Sado: Where it all started. I came to Japan, not fully knowing what to expect about the country or being a missionary in general. Sado was completely different than anything I had ever known. And missionary work was pretty different from anything I've done. It was a humbling time and it was a huge part of why I am the missionary I am today. There were a lot of rough times on Sado; we didn't have any real investigators for about 3 months. We housed all day in the cold winter and our main focus was teaching English. But through our faith, humility, and hard work, God was able to really work miracles through us. We ended up building the church's English program quite a bit there and it's still going strong and is a wonderful service to the people in Sado. We also ended up seeing a baptism (Yamaji shimai who is one of my eternal friends). That's what I learned on Sado: work hard, have faith, be humble, and the Lord will do the rest.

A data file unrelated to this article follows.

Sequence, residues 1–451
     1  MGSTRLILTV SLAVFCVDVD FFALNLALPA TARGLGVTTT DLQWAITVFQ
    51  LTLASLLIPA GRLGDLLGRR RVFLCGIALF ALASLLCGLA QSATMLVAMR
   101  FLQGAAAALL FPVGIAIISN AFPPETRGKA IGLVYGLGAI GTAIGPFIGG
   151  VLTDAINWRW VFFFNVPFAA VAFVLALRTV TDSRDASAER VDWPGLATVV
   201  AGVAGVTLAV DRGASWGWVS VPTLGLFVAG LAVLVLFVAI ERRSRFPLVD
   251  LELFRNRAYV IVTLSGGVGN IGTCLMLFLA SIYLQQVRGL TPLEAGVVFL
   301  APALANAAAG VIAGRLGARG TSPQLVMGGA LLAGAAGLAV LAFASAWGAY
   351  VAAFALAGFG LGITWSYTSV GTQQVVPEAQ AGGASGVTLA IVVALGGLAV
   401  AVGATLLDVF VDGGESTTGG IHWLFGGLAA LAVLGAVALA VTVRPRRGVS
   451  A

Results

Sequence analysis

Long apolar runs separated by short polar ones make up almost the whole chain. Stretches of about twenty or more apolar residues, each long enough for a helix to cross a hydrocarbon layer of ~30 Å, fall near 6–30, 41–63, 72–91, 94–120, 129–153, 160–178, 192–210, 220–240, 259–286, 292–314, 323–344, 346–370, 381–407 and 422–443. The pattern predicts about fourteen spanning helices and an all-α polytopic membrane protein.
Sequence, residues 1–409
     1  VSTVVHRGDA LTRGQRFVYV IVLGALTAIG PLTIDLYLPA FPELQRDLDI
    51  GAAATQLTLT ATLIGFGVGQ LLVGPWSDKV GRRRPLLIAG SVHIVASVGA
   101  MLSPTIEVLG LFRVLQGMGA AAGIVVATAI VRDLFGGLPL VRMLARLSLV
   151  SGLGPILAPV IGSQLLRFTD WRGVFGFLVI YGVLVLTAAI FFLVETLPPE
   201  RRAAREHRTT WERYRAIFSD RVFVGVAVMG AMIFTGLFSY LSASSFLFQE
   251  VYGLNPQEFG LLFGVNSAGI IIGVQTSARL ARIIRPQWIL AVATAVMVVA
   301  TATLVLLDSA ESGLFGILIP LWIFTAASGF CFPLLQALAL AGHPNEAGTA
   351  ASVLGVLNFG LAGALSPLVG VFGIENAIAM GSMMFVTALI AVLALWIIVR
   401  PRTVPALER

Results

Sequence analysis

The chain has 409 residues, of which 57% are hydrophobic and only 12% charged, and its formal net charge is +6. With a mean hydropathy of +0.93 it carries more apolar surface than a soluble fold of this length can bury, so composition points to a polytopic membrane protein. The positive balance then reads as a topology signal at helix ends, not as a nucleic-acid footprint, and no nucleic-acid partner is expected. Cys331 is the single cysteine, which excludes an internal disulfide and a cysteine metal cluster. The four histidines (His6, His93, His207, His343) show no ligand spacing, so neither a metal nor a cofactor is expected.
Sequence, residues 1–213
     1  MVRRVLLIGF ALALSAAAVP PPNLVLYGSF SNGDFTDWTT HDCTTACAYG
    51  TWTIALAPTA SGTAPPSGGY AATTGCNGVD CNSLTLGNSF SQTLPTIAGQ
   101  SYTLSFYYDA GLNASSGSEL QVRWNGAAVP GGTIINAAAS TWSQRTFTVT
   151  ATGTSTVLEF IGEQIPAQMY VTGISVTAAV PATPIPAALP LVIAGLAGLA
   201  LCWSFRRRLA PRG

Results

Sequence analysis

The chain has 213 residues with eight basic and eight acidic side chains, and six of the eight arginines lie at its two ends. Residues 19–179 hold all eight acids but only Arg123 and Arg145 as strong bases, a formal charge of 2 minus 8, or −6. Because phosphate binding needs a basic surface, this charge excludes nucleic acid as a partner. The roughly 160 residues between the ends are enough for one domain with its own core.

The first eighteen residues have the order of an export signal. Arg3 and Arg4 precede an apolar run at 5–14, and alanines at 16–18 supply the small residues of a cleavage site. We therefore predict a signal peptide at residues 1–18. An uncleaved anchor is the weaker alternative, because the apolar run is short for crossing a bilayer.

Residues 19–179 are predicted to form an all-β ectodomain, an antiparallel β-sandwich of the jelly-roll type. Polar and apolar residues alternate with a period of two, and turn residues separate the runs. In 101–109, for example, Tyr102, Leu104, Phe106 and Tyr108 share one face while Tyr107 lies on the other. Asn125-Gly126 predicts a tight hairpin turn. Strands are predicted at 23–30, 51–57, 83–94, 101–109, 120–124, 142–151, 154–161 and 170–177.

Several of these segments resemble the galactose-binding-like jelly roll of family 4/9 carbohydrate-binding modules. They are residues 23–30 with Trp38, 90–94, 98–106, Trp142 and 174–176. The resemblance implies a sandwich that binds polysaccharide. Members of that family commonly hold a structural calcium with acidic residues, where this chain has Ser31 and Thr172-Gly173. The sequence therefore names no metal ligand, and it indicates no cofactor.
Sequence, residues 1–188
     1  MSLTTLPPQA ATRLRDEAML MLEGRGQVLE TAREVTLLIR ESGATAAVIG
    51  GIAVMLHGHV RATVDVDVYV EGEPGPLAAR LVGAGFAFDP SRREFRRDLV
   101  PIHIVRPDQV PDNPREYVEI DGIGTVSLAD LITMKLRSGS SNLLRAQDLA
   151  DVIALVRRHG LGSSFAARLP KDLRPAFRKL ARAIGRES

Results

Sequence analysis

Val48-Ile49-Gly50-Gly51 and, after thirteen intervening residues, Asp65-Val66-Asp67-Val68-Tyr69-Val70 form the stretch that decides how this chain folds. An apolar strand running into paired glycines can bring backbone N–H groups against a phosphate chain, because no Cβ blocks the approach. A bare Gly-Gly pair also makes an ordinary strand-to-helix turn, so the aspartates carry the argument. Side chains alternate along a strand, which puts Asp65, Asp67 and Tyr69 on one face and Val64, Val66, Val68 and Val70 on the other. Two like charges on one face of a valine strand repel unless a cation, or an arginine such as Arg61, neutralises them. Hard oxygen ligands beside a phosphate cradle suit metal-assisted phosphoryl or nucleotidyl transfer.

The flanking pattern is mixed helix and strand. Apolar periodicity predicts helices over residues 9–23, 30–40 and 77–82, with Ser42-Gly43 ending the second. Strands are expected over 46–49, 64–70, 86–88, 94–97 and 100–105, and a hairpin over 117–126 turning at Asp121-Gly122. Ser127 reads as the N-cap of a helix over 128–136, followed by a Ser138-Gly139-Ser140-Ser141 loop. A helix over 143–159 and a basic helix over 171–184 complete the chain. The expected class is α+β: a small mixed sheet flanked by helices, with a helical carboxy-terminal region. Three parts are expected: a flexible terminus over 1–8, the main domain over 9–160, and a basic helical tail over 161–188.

Kumagaya: I was here for only a short time, but it was probably the place I felt at home the fastest. This is where I met my Japanese (or rather Filipino who lives in Japan) mother, Engrid. I think I learned more from her than she did from me. She was an incredible example of putting Christ at the center of her life. All she needed to hear was "Jesus Christ did it" or "Jesus Christ tells us to do this" and she would do it immediately, whether it was not drinking alcohol or tea or if it was telling her Japanese boss she couldn't work on Sundays. She and her daughter ended up getting baptized and are working towards a temple sealing (another two of my eternal friends). I loved the people in Kumagaya so much; I really felt like part of one big family. The ward members were amazing examples of true Christlike love. In Kumagaya, I think I really learned how to love the people.